I think someone once told me that using ripe seasonal fruit in baked goods is almost a sin, that the fruit itself is the best vehicle for transporting flavor to your mouth, but I couldn’t quite hear him over the sound of my own chewing, so I may have missed the finer points.
This recipe is of course a variation of the classic lemon bar: a buttery shortbread crust topped with a tangy citrus custard. Ever since I moved to Hawaii, I’ve been trying to shove all manner of tropical fruit both into my mouth and this lemon bar recipe, and the ones that fit best are mango and lilikoi (passionfruit). I first made this a few years ago when a friend gifted me two overripe mangos she’d found on the grounds of the museum where we both work. Though I don’t know how to express this sentiment without it sounding like a humblebrag (are we still saying that? it makes me queasy), these were the best mangos I’ve ever eaten: so ripe and sweet with juices that ran down my chin, mango that tasted like the first mango or maybe the last. So of course I wanted to bake with them.
These mango bars won’t disappoint. They manage to capture the complexity of the fruit while pairing it with a butyraceous (I just learned this word, and it means “of the nature of, resembling, or containing butter.” Ob. Sessed.) shortbread that leaves me wanting to slam the whole pan. That is not a euphemism. These mango bars are that good.
My favorite part of the finished bar is the unique division of layers—there is crust, yes, and filling too, but the middle becomes some sort of mango-custard-shortbread-fusion that I could eat at every meal for the rest of my life. Dare me, I dare you. I suspect that because I bake these in an 8” by 11” pan instead of a traditional 9” by 13” that the crust becomes plumper, but you could use a bigger pan if you desire a thinner bar.
Depending on the ripeness of your own mangos, you may adjust the sugar in the filling up or down in this recipe. I always err on the side of less sugar because I think it’s the least exciting ingredient at any party, but if your mangos are still firm and a little piney, do what you must. I have been that impatient baker too.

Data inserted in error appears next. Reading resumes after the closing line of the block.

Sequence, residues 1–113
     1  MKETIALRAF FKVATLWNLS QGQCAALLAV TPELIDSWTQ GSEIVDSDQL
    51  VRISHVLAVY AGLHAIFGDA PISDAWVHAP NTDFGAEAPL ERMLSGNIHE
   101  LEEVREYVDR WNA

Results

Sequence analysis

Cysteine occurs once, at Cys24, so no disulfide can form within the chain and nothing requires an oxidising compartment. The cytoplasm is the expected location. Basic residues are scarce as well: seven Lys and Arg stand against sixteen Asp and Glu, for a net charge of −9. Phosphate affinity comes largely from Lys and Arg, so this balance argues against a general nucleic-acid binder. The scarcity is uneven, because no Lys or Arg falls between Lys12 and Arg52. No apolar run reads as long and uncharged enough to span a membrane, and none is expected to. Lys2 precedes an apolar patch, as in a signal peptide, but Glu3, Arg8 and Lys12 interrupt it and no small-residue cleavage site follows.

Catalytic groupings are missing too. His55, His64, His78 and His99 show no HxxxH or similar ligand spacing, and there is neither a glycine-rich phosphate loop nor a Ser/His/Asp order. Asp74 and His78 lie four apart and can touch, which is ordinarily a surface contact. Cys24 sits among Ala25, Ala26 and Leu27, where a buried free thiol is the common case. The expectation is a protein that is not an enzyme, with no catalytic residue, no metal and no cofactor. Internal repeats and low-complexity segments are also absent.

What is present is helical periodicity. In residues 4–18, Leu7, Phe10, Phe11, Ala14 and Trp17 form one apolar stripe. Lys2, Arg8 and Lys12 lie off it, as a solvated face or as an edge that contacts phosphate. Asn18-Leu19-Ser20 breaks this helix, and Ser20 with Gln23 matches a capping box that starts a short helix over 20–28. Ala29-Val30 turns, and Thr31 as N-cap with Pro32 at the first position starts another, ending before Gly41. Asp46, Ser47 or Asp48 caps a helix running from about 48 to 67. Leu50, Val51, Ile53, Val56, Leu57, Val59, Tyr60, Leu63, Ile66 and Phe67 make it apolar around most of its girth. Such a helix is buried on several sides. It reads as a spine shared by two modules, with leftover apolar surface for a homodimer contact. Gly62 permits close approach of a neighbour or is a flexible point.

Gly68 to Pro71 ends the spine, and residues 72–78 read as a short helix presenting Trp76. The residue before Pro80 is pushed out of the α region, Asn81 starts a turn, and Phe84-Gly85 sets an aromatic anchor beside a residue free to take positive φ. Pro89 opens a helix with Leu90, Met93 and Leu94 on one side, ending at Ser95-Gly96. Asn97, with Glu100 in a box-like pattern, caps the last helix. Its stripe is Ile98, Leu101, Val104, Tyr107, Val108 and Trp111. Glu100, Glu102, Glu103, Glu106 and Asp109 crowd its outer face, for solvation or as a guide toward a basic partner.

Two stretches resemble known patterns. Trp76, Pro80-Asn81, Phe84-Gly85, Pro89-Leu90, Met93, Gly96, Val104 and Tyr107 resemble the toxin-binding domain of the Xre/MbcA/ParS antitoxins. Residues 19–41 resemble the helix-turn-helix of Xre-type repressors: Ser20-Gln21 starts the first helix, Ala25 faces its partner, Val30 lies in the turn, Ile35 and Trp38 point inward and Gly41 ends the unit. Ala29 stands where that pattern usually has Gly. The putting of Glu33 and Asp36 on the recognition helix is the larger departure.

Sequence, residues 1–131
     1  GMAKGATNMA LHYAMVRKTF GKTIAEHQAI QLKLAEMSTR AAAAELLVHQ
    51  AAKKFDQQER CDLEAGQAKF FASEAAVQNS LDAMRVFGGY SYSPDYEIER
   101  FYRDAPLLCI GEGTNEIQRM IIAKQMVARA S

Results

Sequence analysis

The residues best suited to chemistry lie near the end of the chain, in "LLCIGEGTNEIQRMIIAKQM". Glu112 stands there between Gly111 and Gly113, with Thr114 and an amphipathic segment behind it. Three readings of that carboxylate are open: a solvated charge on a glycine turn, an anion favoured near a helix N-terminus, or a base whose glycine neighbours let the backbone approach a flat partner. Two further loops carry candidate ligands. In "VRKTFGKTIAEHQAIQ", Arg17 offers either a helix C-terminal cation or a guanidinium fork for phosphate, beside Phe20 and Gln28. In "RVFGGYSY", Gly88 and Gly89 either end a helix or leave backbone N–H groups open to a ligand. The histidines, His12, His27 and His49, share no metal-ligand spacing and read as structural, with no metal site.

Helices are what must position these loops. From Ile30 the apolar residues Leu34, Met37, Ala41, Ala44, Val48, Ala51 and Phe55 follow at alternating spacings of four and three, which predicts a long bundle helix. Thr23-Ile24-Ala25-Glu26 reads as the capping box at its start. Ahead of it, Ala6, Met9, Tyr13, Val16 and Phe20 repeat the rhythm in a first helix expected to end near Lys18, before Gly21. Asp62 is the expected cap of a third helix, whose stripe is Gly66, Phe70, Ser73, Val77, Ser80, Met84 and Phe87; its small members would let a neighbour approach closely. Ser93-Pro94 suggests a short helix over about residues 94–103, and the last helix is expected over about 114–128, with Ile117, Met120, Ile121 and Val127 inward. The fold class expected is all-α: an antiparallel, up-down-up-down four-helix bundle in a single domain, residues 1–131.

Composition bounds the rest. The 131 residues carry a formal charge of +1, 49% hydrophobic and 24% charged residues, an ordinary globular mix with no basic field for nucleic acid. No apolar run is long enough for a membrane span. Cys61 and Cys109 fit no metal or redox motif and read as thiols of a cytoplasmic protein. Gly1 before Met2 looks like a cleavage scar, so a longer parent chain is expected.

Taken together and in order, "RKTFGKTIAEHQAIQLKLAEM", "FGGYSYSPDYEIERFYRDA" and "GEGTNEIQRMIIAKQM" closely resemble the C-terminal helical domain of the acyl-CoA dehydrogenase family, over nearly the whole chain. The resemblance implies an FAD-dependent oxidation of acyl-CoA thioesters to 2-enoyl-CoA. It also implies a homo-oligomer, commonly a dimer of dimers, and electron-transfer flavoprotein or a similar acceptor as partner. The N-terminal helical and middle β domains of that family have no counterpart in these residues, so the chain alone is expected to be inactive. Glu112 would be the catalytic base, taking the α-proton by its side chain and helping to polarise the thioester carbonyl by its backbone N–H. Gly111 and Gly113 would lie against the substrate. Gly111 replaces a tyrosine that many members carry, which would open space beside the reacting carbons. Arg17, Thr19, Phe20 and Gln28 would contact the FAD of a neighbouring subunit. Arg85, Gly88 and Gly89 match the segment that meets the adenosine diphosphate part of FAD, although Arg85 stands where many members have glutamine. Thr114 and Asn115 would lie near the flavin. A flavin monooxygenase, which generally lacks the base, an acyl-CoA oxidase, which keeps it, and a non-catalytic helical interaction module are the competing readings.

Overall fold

- 1 cup butter, softened
- 1 cup sugar
- 2 cups flour
- ¼ tsp salt
- 1¼ cups sugar (adjust up or down based upon ripeness of fruit)
- 3 tbsp flour
- 3 large eggs
- 2 large mangos
- ¼ cup lemon juice
- 1 tbsp lemon zest
- Place a rack in upper third of oven and preheat to 350F. Grease an 8” by 11” pan or casserole dish and line with parchment.
- Make the mango puree—Remove the skin from the mango with a sharp knife. Cube the flesh, discarding the stone in the middle. Place flesh in the bowl of a food processor and pulse until liquefied.
- Make the crust—In the bowl of a stand mixer fitted with a paddle attachment, beat together butter and sugar until fully incorporated and fluffy, 3 to 5 minutes. Scrape down sides of bowl before adding flour and salt. Beat until just combined—do not overmix.
- Turn out dough into prepared dish and use your hands to spread evenly into the corners and sides. Parbake for 15-20 minutes until edges are just set and slightly browned.
- Make the filling—While the crust bakes, in a large bowl, whisk together eggs and sugar until combined and glossy. Add mango puree, flour, lemon juice, and zest and whisk until combined.
- Pour filling over hot crust and return to oven. Bake for an additional 25-30 minutes, until filling is set but still slightly jiggly in the center.
- Cool completely before serving. Dust with powdered sugar if desired. Store for up to a week in the refrigerator in an airtight container.